The fascinating story of Tinctor’s “foul treatise” from 1460 in Flanders and Burgundian France, and how it ended up in Canada
It’s Hallowe’en in Canada, when children dress up in costumes and go door to door collecting candy treats. It’s a fun time. Costumes of scary witches, ghosts and monsters are long time popular favourites. But why are they scary?
In past centuries being accused of witchcraft were held responsible for all kinds of real and imagined “crimes”. Such an accusation could easily be a death sentence. One of the powerful forces behind the idea that demons and witchcraft actually existed and should be stamped out came from a fifteenth century scholar Johannes Tinctor. Tinctor wrote an influential treatise on his opinion.
Robert Desjardins, then a PhD student discovered one of the ultra-rare copies of this ‘diabolical’ book in the basement of the University of Alberta library where it had lain mislabeled. He is now an independent scholar and graduate writing advisor at the university in Edmonton, AlbertaListen
Written in medieval French about 1460, the book may have been the inspiration for a couple of centuries of witch-hunts and an ideology leading to the deaths of tens of thousands of innocent people. The first large scale trials seem to have started around Arras in France about the time of Tinctor’s treastise, and then spread.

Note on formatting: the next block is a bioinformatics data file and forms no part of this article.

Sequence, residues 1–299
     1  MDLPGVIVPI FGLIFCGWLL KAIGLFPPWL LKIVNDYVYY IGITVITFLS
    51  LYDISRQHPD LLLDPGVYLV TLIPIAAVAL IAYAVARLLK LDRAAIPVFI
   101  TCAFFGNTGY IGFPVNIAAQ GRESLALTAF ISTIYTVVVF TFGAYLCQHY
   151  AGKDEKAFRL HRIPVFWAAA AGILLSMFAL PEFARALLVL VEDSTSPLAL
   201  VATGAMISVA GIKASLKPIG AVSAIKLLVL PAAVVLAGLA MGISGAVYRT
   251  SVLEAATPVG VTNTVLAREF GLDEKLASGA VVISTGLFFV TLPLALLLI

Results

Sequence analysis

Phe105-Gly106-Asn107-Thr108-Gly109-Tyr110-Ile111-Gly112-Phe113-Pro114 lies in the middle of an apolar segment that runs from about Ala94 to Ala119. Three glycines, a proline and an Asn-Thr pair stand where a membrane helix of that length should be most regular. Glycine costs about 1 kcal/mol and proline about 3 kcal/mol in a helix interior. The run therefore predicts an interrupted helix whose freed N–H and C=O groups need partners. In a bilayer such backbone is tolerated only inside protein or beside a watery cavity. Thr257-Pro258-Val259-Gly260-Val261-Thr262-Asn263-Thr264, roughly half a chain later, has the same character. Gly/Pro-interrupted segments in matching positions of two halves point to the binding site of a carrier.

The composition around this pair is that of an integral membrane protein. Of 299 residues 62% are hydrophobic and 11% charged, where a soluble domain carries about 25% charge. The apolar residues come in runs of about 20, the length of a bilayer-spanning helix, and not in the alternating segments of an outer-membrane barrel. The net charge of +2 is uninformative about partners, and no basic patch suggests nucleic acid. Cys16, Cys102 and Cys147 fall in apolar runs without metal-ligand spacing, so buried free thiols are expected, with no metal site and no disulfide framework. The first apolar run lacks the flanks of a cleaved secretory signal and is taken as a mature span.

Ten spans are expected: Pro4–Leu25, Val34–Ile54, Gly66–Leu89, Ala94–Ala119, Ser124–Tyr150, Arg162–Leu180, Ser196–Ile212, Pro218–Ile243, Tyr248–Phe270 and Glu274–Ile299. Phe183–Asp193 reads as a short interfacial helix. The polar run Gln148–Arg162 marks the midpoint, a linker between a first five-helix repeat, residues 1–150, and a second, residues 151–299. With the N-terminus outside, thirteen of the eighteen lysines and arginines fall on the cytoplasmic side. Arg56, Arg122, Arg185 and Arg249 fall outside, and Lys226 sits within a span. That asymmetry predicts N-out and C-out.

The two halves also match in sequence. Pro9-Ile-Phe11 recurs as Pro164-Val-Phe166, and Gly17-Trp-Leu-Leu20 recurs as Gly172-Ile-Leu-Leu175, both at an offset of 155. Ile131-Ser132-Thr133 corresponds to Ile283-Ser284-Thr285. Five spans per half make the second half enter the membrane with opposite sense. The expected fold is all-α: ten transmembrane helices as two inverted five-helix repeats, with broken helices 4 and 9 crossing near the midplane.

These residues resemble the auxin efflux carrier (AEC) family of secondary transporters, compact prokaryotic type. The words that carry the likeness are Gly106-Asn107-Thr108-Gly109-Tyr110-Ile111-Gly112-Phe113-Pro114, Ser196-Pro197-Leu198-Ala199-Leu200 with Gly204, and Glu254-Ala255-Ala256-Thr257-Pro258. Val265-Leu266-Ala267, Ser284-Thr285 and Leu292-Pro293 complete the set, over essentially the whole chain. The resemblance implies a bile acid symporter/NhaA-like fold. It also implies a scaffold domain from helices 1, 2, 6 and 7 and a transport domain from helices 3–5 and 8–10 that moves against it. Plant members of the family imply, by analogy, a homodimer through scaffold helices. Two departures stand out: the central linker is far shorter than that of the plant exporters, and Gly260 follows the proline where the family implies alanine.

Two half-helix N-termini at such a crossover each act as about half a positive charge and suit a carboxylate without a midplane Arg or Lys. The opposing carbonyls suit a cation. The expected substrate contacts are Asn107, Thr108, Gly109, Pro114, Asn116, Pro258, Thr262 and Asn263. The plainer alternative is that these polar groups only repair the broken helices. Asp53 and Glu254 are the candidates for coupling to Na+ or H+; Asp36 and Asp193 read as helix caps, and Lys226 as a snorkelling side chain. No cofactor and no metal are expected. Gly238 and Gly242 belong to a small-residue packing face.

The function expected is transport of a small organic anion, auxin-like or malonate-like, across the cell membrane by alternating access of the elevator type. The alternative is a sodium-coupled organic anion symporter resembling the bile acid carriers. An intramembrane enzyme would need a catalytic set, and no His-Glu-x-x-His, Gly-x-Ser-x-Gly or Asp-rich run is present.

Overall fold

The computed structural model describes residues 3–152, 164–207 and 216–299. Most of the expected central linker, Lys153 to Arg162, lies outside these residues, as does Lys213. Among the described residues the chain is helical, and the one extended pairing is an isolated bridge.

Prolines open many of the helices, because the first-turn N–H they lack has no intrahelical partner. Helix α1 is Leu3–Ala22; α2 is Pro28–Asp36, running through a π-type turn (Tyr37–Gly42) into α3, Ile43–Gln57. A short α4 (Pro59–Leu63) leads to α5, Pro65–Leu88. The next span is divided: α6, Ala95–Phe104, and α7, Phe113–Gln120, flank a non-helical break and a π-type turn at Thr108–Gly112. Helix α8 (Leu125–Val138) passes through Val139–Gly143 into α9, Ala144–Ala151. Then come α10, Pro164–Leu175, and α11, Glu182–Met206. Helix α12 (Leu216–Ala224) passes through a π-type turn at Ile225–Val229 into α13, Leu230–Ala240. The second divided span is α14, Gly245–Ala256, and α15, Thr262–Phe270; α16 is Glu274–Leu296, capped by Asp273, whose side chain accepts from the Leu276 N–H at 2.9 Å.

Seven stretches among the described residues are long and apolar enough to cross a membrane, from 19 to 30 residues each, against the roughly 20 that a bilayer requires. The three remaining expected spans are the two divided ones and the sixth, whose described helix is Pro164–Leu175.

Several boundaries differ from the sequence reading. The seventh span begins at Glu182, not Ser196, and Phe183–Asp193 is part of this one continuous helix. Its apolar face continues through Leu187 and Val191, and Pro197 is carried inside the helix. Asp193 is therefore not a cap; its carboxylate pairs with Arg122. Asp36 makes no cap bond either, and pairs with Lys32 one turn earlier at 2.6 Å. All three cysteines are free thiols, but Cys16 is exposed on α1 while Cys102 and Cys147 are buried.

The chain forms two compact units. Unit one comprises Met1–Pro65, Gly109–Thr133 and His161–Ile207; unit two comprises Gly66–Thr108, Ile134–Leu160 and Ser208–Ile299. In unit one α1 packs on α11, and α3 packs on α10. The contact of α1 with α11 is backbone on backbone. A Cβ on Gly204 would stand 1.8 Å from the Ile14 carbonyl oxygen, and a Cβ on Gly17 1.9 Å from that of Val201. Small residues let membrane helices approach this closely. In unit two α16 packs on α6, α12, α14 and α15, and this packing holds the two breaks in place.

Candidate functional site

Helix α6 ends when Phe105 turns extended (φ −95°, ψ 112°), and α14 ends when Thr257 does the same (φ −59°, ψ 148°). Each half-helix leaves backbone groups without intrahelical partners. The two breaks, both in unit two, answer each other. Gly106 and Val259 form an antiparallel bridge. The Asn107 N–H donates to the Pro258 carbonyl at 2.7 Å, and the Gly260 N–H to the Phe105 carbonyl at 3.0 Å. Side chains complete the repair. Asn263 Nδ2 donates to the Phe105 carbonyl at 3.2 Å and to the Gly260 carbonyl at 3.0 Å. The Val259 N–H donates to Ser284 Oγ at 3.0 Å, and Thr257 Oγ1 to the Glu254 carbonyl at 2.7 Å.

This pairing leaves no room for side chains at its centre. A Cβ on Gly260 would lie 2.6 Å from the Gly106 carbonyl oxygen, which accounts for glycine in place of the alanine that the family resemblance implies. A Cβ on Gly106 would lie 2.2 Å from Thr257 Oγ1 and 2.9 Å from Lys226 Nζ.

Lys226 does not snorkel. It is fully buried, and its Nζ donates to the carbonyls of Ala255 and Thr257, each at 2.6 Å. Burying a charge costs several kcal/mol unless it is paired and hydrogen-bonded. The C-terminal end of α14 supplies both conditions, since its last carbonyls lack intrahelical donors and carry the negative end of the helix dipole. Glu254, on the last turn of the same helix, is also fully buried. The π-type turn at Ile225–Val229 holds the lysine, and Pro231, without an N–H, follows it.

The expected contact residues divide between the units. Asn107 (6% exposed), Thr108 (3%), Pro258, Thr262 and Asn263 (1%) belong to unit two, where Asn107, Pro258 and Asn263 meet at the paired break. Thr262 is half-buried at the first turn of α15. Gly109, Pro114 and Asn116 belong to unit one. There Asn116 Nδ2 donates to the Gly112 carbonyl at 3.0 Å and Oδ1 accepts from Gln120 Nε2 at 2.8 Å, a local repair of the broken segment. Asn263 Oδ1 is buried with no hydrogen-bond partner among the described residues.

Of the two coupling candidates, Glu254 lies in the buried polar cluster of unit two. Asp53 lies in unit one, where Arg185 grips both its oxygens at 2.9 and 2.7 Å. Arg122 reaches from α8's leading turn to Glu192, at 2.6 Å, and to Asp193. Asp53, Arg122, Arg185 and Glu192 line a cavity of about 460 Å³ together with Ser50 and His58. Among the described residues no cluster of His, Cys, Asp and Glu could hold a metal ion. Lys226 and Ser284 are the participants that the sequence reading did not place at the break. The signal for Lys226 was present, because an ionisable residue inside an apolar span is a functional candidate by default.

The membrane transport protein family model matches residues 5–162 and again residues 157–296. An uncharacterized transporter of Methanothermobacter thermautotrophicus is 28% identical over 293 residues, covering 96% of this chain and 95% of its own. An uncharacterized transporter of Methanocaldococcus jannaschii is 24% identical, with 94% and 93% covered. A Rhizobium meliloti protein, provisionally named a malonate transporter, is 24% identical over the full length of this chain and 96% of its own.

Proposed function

Terrifying book- Desjardins
It has since been called Tinctor’s “foul treatise” as it gave the green light and even encouragement to witch trials. One section is a strident appeal to those in power to take action so as to prevent the “multiplying numbers” of these witches, Satan worshippers and warlocks and their evil influence who would bring on the Antichrist and the “end times”. It was an intellectual justification for witch persecutions says Desjardins.
He has called it a terrifying book because it was specifically directed to the most powerful people in society in the mid to late 1400’s with a urgent call for them to take action in the face of this supposedly dire situation.
A rough English translation for the title is “Invectives contre la secte de vauderie” (“Invectives against the Sect of Waldensians)”. This was a 13th century Christian sect the church labelled as heretical, but which was in decline by the time of the writing. Nevertheless, myths die hard and in France the Waldensians or “vaudois”, were blamed for all kinds of mystical and heretical acts, orgies, devil worhsip, and crop destruction. It is possible that “vaudois” became what we know today as “voodoo” in French speaking areas like Lousiana in the US, Haiti, and certain areas in Africa.
The book is believed to have come from the libraries of one of the nobles of France or of the low countries. It was then possibly taken to England by Edward IV who had been temporarily chased from England to the low countries. Passing through several hands, it was purchased by an civil servant who came to Canada to become a leading civil servant in Alberta, and then donated it to the University, where is was not recognized for what it was until Desjardins, and professor Gow determined its incredible, and somewhat frightening significance.
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